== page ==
I can’t believe another year is nearly over, but my annual mammogram reminds me, as does the city drowning in pink. To have a mastectomy in October, Breast Cancer Awareness Month can put you off pink for life!
However, I am extremely grateful to be alive and to celebrate five years survival – hooray!
A big thank you to my two daughters for their unswerving, unconditional support and the beautiful flowers they bought me to add to their message of love and gratitude for yet another year.
The memory of being picked up from Cabrini etched like a tattoo. The foyer of the hospital, fences of the local sports ground and numerous businesses festooned in pink, courtesy of the McGrath Foundation or the plethora of organisations belonging to an extensive breast cancer network. So many women and men working hard and doing an excellent job keeping the disease in the public eye.
Pink balloons, ribbons, posters abounded – even pink buns from the bakery – as I left the hospital with a drainage tube and plastic bottle where my left boob used to be.
I suppose psychologists will have a name for my word/image association and all the emotions triggered, but I’ll stick to a good old Scots word – scunnered. And I try and avoid all the hype and pinkness I can.
And so, yesterday, like other years, I went for my mammogram and ultrasound at the local radiology centre, which, as usual was decorated like a pink Christmas. However, no joy or excited anticipation for me – the only present I wanted was to hear ‘all clear for another year.’ Thank you, God, I whispered you’re a longer-lasting, caring entity than Father Christmas!
All the happy smiling faces and bunting in the world couldn’t suppress the fear lurching from my stomach and squeezing my heart and throat while I waited for the test results to determine whether the cancer is active.
I’m aware I’m in the lucky 90% who survive five years, but the constant reminder that in Australia, seven women a day die of breast cancer always dulls the joy. This year I lost my dear friend Margaret and another friend, Jillian had the shock of her cancer returning after 13 years. Vigilance and that little gnawing fear ever-present along with the mantras – count your blessings and one day at a time!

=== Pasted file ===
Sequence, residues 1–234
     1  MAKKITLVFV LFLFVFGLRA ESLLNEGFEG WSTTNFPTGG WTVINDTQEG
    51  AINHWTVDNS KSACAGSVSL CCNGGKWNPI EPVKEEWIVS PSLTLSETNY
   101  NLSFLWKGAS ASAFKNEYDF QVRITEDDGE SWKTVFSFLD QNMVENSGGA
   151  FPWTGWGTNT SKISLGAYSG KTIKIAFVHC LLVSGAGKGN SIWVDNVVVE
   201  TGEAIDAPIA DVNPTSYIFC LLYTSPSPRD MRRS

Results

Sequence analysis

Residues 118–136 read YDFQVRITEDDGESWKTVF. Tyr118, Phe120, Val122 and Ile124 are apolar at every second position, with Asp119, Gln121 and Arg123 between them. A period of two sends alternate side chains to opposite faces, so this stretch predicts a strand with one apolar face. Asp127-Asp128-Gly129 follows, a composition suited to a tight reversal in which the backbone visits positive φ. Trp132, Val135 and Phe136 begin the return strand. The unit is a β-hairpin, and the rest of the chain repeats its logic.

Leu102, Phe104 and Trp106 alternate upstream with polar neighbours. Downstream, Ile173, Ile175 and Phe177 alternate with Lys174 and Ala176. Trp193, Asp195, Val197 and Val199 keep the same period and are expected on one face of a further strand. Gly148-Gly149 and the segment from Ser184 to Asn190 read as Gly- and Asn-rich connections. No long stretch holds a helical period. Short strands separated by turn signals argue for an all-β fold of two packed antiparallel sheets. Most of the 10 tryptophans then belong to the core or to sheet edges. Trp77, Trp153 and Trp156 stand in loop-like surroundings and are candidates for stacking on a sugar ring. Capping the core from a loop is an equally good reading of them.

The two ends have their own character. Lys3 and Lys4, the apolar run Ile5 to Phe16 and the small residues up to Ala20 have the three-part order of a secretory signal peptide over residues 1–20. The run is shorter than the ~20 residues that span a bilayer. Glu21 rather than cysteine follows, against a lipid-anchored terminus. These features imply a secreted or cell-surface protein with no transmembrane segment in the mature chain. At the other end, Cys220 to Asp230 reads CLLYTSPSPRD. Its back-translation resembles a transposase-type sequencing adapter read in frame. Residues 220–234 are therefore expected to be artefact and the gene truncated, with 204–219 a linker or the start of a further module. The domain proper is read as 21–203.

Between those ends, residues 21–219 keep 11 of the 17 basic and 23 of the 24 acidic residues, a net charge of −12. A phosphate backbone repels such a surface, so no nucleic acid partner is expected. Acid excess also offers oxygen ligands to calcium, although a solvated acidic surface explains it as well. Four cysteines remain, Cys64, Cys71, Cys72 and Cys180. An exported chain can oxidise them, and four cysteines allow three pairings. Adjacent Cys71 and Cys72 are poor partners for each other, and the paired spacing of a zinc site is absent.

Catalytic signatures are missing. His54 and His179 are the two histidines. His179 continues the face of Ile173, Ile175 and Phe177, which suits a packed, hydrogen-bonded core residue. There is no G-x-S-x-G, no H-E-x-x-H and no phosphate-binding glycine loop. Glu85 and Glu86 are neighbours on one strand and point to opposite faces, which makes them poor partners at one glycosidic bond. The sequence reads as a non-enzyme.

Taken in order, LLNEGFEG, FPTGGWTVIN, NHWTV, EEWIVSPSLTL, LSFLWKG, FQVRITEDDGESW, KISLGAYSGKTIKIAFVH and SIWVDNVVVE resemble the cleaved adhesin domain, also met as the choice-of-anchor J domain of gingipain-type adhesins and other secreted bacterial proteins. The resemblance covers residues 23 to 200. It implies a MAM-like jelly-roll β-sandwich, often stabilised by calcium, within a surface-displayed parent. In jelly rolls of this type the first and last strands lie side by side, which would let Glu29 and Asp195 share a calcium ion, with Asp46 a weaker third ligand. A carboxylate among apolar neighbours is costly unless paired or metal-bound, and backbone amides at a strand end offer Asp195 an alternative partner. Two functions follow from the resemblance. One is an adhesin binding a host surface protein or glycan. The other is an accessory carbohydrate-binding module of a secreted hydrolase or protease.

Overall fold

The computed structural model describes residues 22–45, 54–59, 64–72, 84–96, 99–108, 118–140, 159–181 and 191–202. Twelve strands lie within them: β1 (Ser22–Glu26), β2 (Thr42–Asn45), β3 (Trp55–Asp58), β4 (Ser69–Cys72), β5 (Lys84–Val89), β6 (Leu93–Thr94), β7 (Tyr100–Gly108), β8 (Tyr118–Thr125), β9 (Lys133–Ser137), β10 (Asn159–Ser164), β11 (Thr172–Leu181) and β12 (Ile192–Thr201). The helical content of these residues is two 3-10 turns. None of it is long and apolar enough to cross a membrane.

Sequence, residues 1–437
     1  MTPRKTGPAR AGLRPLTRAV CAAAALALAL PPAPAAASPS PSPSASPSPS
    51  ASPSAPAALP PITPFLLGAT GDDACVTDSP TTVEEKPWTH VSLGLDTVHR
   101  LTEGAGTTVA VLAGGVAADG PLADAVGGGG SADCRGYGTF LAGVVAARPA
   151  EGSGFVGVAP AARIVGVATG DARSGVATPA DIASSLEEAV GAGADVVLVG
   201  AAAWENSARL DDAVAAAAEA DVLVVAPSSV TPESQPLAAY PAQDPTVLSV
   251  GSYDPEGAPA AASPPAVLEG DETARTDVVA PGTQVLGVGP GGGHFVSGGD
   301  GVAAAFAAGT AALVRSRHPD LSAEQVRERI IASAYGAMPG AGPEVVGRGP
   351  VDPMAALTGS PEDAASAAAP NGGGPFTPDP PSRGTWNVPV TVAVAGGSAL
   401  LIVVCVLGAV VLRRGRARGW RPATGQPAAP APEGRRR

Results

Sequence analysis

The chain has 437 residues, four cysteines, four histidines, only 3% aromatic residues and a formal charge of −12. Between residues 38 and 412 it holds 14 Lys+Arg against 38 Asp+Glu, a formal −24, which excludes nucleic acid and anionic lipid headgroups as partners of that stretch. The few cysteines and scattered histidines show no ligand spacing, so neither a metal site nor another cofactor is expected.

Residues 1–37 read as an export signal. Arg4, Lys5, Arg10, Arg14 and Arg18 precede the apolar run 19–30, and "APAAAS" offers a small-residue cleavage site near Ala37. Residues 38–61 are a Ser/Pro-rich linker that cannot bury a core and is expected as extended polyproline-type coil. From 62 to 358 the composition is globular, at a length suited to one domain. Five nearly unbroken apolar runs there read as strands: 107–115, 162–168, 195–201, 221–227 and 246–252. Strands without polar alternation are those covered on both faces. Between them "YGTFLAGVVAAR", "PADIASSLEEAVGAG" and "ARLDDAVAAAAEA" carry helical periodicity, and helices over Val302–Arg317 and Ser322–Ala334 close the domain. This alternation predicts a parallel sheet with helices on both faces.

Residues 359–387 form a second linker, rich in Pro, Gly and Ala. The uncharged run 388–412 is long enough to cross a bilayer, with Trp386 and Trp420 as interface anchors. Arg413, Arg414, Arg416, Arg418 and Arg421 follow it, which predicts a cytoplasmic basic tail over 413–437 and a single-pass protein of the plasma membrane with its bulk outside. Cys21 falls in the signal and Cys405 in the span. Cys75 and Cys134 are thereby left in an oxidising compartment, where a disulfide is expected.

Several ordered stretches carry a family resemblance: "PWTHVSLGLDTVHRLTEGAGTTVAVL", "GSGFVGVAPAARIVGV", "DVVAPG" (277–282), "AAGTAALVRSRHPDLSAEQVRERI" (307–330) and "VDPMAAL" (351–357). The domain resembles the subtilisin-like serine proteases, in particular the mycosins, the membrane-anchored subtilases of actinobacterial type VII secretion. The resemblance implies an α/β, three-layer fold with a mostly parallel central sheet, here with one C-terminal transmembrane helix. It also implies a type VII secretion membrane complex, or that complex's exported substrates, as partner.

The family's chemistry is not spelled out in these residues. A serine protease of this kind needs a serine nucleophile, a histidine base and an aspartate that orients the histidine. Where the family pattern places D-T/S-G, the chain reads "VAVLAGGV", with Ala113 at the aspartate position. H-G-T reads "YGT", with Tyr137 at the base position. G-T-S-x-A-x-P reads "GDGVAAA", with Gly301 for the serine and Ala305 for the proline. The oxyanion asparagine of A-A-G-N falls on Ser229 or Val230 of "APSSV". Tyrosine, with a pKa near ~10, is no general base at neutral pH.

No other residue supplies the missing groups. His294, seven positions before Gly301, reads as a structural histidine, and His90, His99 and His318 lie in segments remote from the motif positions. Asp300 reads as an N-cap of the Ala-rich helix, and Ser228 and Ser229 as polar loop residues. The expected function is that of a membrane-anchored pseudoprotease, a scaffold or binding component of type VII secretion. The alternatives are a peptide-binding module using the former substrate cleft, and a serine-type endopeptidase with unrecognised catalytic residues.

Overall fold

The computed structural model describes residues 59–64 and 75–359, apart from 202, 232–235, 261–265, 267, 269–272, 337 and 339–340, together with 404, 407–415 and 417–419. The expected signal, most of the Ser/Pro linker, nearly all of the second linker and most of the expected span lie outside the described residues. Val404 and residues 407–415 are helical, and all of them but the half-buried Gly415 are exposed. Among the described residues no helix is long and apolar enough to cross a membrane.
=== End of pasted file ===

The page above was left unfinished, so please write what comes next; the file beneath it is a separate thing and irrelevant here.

I often feel uncomfortable with the pinkness of breast cancer advertising and the endless walks, runs and other events seeking donations. When I saw the film Pink Ribbons Inc in 2013, I knew I wasn’t alone feeling disquiet about the corporatization of breast cancer.
I regularly donate for breast cancer research because I’m truly grateful for the excellent treatment I received, but target my donations. I want to help but shy away from the morning teas, lunches, dinners and the seemingly endless pink products.
As a writer, I can donate my skills. I was thrilled to have part of my story published along with others in a book to raise funds for research and practical assistance to those diagnosed with breast cancer. The book can be purchased from Busybird Publishing and is usually for sale at conferences or events organised by the Breast Cancer Network Australia.
There are so many physical and mental ailments that people struggle with daily. My wish is for people to give generously to whatever cause and not expect kudos or a toy/ribbon/trophy in return – and that big pool of medical research will keep expanding and being successful where and when it can! People live with a disability, illness and pain from birth – what courage that must take and many don’t have the collective power of a group!
My diagnosis was in August 2010 – my birthday mammogram – and although there have been discussions about the benefits of regular testing I can only speak about my journey. I’m blessed to live in a country with access to affordable medical expertise and choice of treatment.